Peds CNS...did I make a bad decision!?!?
- 0Oct 21, '10 by crpRNHelp!!!
I recently switched from an MSN-PNP program to an MSN-Peds CNS program and am terribly worried that I made the wrong decision!!! My reasoning for switching to the CNS was mainly that I am not interested in diagnosing patients (as most NP's do)...however, I am now finding myself in quite a pickle.
I am three classes away from graduation, and will not be able to afford the out of pocket tuition to complete these three courses (I qualified for loans to cover the 33 credits I have taken so far...and I do not qualify for the majority of the scholarships out there). Also, I am not even sure what I want to do with this CNS degree! Additionally, there seem to be NO CNS jobs in this awful economy.
Did I make the wrong decision by jumping out of the PNP track? Would it be more beneficial to suck it up and complete the PNP degree in order to be somewhat more marketable? (fyi: I live in Maryland...CNS is not even recognized as an APRN)
I am feeling so lost and full of regret...can someone please provide some advice/insight?!!? I would sincerely appreciate it.
- 0Oct 22, '10 by traumaRUs, MSN, APRN, CNS AdminOuch - what is it you want to do? That should guide which degree you finish.
I did an adult CNS and just completed a peds CNS but I live in IL where CNS is an APN.
If you don't want to be diagnosing/treating kids, then a CNS would work for staff development, change agent, expert clinician.
However, (this is my personal opinion), the PNP would give you more latitude and a wider variety of jobs.
- 1Oct 23, '10 by llg GuideMy children's hospital is almost always looking for qualified Peds CNS's. At the moment, we have 4 vacancies for peds CNS's. The local nursing schools are also permanently on the look-out for people who can teach peds clinicals to undergraduates. Some are so desparate that they will even consider people with only BSN's.
- 0Nov 23, '10 by HappyJaxRNQuote from tryingtohaveitallI would have to agree. I am working on a similar degree and have already had many thoughts of either switching or adding another major (crazy, I know). Do what you were doing....especially being so close to graduation...or if it's really in your heart, keep looking for d'money.I'm no expert but the PNP seems to be much more marketable in OH. My 2 cents is that yes, I'd suck is up and complete the PNP.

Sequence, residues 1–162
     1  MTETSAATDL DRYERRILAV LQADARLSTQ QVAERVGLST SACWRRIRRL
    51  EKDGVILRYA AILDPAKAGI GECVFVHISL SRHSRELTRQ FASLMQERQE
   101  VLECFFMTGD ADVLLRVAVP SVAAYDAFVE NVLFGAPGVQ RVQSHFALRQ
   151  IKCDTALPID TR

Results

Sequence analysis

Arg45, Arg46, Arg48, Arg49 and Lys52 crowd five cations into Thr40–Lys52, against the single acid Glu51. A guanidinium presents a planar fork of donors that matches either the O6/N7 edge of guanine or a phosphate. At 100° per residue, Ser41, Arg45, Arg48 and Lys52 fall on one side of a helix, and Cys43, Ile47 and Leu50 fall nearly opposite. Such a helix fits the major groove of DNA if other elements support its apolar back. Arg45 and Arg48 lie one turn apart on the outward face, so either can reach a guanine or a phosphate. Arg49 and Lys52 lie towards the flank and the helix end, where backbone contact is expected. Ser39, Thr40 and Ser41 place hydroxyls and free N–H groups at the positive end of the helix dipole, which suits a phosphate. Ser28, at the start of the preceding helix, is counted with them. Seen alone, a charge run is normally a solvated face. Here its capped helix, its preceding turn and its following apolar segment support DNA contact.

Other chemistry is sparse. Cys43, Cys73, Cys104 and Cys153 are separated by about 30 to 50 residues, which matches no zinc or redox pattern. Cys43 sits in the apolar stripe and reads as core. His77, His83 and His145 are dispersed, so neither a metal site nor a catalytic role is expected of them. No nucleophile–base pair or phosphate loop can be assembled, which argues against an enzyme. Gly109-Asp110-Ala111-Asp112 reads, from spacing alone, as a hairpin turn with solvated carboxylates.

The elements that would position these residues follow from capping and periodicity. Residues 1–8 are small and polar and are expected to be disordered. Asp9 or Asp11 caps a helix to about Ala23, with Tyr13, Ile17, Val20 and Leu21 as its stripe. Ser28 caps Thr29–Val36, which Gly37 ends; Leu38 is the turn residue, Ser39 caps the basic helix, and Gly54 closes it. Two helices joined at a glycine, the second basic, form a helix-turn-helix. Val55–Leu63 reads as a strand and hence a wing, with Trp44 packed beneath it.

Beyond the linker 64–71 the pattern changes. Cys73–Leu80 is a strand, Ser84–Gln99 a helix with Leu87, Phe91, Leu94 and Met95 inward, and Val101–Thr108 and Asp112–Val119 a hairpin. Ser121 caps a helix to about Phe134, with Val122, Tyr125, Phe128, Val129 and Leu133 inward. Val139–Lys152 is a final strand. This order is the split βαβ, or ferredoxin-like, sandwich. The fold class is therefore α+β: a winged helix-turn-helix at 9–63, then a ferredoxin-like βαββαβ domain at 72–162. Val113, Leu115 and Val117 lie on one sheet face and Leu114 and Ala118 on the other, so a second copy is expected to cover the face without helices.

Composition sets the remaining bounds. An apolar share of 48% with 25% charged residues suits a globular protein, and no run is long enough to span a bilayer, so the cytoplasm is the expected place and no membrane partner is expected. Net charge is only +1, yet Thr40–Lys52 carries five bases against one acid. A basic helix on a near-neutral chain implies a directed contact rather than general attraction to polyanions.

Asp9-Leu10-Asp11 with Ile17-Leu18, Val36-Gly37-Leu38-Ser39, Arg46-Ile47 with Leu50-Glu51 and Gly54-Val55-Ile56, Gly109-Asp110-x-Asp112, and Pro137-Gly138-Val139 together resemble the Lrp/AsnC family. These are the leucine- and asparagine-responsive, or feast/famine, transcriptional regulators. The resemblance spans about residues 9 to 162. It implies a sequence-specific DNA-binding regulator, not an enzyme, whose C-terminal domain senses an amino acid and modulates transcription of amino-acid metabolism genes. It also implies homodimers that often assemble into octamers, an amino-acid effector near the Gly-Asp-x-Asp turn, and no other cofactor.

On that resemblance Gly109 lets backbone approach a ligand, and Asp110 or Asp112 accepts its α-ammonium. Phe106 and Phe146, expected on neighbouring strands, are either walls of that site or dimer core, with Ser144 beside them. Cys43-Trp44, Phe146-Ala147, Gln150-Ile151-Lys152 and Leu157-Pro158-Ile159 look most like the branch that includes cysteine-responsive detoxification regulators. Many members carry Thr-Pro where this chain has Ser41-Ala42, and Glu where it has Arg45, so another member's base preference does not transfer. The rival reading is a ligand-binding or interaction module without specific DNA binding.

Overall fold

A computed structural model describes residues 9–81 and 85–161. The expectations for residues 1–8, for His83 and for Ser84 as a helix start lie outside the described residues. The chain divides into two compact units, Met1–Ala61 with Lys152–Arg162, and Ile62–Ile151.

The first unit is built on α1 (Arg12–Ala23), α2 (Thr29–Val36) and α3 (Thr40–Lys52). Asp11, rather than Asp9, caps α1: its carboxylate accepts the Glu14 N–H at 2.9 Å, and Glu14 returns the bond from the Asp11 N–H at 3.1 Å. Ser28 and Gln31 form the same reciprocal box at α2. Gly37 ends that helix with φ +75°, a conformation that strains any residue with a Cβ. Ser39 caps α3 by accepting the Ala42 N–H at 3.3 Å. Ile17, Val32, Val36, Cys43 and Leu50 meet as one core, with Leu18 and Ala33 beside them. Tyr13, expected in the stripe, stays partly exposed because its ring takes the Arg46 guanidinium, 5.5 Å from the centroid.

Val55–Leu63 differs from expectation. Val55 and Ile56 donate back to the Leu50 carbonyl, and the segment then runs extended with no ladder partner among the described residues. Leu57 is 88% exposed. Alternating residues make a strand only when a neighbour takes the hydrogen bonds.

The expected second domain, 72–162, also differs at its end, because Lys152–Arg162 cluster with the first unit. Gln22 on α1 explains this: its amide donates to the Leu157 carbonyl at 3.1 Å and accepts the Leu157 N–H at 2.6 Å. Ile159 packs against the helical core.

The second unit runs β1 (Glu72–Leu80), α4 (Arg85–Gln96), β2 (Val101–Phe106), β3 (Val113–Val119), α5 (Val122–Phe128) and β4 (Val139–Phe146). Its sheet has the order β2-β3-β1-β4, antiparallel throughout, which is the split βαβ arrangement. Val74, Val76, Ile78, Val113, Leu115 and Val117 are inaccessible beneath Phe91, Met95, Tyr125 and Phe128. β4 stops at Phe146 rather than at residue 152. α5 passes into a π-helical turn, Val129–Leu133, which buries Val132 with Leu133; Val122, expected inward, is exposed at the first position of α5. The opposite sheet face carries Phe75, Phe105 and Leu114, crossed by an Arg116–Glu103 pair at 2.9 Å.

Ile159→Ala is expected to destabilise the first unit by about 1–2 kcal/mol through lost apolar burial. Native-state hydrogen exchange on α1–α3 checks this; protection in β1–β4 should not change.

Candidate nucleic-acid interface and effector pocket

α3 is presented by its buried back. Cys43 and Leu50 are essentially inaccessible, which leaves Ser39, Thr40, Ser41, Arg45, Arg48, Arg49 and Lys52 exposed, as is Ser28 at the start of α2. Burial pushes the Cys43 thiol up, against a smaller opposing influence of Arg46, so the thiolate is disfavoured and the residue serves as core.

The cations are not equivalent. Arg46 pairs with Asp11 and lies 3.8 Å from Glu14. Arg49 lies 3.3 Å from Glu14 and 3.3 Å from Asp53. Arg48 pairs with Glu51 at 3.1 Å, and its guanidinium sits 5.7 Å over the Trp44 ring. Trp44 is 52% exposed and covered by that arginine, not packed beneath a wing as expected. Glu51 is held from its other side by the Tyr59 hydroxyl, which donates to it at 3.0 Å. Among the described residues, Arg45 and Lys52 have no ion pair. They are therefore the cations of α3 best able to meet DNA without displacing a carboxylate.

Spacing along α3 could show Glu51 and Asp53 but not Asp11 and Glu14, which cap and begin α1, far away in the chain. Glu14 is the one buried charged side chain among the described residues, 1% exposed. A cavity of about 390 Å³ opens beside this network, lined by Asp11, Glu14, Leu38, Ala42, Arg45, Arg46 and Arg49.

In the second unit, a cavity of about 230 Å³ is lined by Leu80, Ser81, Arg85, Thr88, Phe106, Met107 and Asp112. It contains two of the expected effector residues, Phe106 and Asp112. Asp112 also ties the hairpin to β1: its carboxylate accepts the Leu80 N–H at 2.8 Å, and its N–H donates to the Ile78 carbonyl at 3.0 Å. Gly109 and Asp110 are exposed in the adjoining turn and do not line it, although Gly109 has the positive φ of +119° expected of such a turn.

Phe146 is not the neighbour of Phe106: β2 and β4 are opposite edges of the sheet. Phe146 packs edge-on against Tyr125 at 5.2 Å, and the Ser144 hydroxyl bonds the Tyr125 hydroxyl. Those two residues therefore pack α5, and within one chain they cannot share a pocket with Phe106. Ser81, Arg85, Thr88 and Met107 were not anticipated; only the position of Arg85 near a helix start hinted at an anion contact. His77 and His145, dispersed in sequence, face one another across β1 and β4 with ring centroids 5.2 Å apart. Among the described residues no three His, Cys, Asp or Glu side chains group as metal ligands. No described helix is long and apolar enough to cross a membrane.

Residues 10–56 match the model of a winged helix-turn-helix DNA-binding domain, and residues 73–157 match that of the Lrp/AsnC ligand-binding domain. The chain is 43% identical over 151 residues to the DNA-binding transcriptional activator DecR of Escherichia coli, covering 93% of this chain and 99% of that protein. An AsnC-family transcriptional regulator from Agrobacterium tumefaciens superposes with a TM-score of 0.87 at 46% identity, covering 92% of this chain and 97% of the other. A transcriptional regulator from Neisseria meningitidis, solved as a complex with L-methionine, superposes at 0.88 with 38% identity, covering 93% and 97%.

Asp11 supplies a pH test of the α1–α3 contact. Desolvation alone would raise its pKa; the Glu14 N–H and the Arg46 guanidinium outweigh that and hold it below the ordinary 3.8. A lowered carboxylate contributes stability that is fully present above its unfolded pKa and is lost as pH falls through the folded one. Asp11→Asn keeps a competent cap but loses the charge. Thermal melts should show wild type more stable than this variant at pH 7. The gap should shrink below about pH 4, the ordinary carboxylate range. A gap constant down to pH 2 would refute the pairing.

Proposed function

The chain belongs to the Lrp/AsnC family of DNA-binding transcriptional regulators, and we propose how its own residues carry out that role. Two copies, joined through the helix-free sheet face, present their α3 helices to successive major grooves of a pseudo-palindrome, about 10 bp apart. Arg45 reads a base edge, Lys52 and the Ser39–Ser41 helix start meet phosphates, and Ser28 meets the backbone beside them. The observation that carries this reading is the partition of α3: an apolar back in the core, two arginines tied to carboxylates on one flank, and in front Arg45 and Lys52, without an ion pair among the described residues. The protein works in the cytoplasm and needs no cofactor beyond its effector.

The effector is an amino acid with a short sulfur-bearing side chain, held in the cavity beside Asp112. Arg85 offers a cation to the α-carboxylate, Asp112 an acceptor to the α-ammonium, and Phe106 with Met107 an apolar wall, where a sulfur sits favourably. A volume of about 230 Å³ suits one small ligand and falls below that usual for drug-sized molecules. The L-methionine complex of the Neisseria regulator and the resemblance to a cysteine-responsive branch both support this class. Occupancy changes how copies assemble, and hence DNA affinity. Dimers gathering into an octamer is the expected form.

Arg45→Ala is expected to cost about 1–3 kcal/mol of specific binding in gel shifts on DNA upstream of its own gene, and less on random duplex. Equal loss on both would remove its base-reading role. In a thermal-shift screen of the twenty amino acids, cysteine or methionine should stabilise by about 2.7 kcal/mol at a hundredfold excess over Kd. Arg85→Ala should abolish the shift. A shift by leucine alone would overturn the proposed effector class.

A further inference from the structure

- 1Dec 7, '10 by WineCountryRNOh what a pickle! Can you some how get dually certified as a CNS or PNP? It may be cheaper to get both degrees now than finish one and then have to do a post degree later (in case you change your mind).
I am dually licenses from a California program 10 years ago. When I first entered the peds NP program as I called it, I knew that I wanted to be in clinic dx and tx pts. I had no intention of using my CNS but in all honestly I prefer to be a CNS specializing in education. Clinic was non stop work...no shortage of sick patients, responsiblity, long hours and the pts tended to be the highest risk (at least at my practice). I got burned out as NP especially as the pt. populations insurances/economy turned. I went into acute for experience and to start teaching. Well, doors opened b/c of the CNS/MSN. I was able to working in a nursing and a staff education department. More doors opened with advancement (hospital CNS paid substanially more that NP private practice). I am so happy that I pursued my CNS also. I know that I could find work in either speciality, especially if I moved into an area with a large childrens hospital.
Hang in there, you will find your way...
- 0Feb 10, '11 by kinajpI know this is an old post, but I thought I'd respond anyway. I know excatly what you are feeling. I am currently in a Peds CNS program, scheduled to graduate June 2012. Lately I have been wondering if I made the right decision and I am leaning towards switching to the PNP program at my school. Like many on this board has stated, I believe it will give me more marketability.
Best of luck to you....
- 1May 16, '11 by nola1202I grew up with post WWll, depression era parents. They always said. "no matter what happens to you in life, no one can take away your knowledge. Whenever one of us would question why we were continuing down a path they would say "No education is ever wasted." During my cynical years my sister and I would say "yeah, I'm so glad we got our degrees in the fine arts." However, her english degree opened the door to writing articles and my art classes added to my self discipline and creative thinking in wound care...so while starving sucks...don't quit on something you really are interested in to do what might be more comercially profitable.